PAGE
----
Sundays at 10 pm
Delve deep into the ever-changing cultural landscape with novelist and co-founder of legendary "Spy" magazine, Kurt Andersen. Studio 360 is public radio's smart and surprising guide to what's happening in pop culture and the arts. Each week, Andersen introduces you to the people who are creating and shaping our culture. Life is busy — so let Studio 360 give you new and different ideas for a movie this weekend, the next book for your nightstand, or the song that will change your life. Studio 360 also gives listeners a chance to get their creative juices flowing with regular listener challenges.
Wednesday, May 24, 2017 8:00pm
This week, a conversation with music journalist Eve Barlow about the terror attack in Manchester and the city’s rich musical history. Plus, “Master of None” co-creator Alan Yang reveals behind-the-scenes stories from the Netflix series, and an expert on con artists dissects America’s fascination with flim-flam men.
Wednesday, May 17, 2017 8:00pm
This week, as President Trump threatens Canada, we salute our neighbors to the north. Kurt gets his Canadian knowledge tested, k.d. lang talks about her Canuck roots, and Mac DeMarco plays live.
Wednesday, May 10, 2017 8:00pm
This week, we head back to “Twin Peaks.” “Fargo” showrunner Noah Hawley talks about the impact of David Lynch’s cult TV show. Plus, what it was like growing up where the show was filmed, and the composers behind “X-Files” and “Breaking Bad” discuss the brilliance -- and influence -- of the show’s soundtrack.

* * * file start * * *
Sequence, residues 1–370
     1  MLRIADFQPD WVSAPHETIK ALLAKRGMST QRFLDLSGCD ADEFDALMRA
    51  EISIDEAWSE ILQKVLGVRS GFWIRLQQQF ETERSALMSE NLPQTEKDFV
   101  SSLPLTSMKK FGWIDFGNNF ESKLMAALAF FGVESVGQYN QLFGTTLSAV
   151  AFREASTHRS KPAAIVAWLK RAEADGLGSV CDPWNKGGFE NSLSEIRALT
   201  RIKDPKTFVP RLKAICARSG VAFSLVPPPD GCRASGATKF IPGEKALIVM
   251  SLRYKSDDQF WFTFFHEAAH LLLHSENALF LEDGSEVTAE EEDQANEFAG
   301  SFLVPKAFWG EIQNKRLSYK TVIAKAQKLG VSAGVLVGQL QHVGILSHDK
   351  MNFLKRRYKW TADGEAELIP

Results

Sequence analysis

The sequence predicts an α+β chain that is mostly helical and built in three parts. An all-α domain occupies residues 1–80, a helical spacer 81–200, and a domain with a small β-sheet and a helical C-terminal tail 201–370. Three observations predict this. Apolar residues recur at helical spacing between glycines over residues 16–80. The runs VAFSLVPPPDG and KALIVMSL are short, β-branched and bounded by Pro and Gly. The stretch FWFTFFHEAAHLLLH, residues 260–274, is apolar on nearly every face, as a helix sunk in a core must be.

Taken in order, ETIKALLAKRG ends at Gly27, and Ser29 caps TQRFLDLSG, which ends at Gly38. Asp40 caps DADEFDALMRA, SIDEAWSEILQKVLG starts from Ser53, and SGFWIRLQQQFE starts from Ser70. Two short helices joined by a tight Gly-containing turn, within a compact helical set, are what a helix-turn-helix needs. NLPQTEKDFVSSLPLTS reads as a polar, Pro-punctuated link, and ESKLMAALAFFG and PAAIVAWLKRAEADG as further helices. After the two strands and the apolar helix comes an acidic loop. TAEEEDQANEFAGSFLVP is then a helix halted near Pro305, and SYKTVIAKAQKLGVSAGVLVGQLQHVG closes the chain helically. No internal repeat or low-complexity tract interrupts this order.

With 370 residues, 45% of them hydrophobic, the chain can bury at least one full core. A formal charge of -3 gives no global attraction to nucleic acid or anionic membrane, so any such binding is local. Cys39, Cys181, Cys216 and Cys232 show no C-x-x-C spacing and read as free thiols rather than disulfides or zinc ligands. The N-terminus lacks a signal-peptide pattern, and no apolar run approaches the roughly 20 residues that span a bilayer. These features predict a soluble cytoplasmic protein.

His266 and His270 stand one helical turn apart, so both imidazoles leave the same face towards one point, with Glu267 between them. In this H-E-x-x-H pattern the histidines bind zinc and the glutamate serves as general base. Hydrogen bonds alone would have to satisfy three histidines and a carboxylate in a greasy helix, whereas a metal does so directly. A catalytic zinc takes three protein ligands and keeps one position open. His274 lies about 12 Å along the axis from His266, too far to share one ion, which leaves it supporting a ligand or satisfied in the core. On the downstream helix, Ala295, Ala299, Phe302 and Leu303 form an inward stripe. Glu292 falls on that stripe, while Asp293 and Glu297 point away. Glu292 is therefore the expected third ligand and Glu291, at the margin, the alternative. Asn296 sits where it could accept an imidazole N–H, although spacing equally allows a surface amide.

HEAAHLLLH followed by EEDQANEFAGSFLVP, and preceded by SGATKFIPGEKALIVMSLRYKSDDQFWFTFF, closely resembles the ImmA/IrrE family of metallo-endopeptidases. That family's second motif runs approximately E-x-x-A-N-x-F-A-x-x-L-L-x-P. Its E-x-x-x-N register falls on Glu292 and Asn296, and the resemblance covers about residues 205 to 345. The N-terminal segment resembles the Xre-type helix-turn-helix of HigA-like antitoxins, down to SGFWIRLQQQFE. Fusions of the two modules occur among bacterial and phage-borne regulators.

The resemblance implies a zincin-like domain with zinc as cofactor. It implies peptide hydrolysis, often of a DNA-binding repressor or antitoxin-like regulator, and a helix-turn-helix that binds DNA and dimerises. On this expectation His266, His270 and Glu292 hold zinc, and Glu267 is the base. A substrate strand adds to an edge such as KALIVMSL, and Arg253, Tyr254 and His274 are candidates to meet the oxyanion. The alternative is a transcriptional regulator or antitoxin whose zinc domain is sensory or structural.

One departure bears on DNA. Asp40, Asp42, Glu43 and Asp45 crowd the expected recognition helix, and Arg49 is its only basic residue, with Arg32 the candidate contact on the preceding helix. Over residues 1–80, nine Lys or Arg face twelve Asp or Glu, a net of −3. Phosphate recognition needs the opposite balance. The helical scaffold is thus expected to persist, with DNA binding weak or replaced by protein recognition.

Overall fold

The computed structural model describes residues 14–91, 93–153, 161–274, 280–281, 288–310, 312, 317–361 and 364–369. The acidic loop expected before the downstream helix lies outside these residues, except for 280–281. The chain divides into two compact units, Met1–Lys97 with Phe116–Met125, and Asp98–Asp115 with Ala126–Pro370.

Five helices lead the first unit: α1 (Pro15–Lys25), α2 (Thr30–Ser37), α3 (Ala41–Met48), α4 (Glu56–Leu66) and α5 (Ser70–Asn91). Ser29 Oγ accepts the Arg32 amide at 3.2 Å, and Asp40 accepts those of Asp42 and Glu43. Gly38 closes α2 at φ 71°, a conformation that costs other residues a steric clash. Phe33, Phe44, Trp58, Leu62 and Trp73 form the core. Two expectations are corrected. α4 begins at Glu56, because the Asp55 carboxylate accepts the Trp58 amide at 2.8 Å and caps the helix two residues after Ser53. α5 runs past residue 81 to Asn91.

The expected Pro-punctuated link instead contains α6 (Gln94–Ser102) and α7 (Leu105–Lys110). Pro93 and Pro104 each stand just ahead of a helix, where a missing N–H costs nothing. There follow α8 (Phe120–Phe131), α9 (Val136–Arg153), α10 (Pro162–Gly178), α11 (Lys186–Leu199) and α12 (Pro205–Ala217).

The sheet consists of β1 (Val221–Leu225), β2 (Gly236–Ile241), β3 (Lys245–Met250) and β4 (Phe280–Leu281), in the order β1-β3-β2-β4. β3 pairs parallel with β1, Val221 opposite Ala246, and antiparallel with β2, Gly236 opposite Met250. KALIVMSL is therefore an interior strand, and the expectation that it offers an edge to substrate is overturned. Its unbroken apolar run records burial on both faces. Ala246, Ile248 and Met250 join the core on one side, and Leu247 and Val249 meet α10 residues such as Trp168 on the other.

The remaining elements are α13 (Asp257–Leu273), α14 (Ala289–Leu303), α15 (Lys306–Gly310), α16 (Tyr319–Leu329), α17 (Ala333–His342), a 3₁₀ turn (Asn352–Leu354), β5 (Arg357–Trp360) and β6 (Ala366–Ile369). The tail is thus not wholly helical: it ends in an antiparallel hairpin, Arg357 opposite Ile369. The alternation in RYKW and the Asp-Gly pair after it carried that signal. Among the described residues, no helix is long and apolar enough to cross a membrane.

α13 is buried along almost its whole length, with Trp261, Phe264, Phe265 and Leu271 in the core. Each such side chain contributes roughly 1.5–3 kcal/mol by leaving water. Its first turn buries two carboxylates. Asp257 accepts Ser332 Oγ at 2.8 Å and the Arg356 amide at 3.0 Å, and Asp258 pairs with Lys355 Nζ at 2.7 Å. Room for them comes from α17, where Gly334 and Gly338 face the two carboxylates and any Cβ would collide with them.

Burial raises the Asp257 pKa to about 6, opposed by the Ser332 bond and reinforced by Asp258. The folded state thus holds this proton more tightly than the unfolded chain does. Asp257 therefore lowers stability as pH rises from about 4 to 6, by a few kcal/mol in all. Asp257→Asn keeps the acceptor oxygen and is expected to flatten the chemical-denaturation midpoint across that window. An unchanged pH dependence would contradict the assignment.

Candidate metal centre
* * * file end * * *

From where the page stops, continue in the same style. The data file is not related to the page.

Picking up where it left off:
Wednesday, May 3, 2017 8:00pm
This was the American spectacle that colonized our dreams.
He was the most famous American in the world — a showman and spin artist who parlayed a buffalo-hunting gig into an entertainment empire. William F. Cody’s stage show presented a new creation myth for America, bringing cowboys, Indians, settlers, and sharpshooters to audiences who had only read about the West in dime novels. He offered Indians a life off the reservation — reenacting their own defeats. “Deadwood” producer David Milch explains why the myth of the West still resonates; a Sioux actor at a Paris theme park loves playing Sitting Bull; and a financial executive impersonates Buffalo Bill, with his wife as Annie Oakley.
(Originally aired November 5, 2010)
Bonus Track: Indian or Native American?
Artist and scholar Arthur Amiotte offers his opinion on the names given to — and chosen by — his people.
Video: "Buffalo Bill's Wild West"
There's not much video of Buffalo Bill; William Cody couldn't quite figure out how to adapt his "Wild West" show to the new technology of film. But Thomas Edison used the developing medium to capture some amazing footage of the show.
Video: “La Légende de Buffalo Bill”
The "Wild West" show has history in Europe. The original stage show spent perhaps a third of its run across the Atlantic, touring as far east as the Ukraine. As shown in the promotional video below, a current French incarnation — "with Mickey and friends" — draws heavily on the mythology created by Buffalo Bill.
Wednesday, April 26, 2017 8:00pm
This week, why Margaret Atwood dedicated “The Handmaid’s Tale” to a woman known as Half-Hanged Mary. Plus, the Kinks’ Ray Davies shares his playlist of his favorite American songs, and the story behind that album with George Carlin’s classic bit, “Seven Words You Can Never Say on Television.”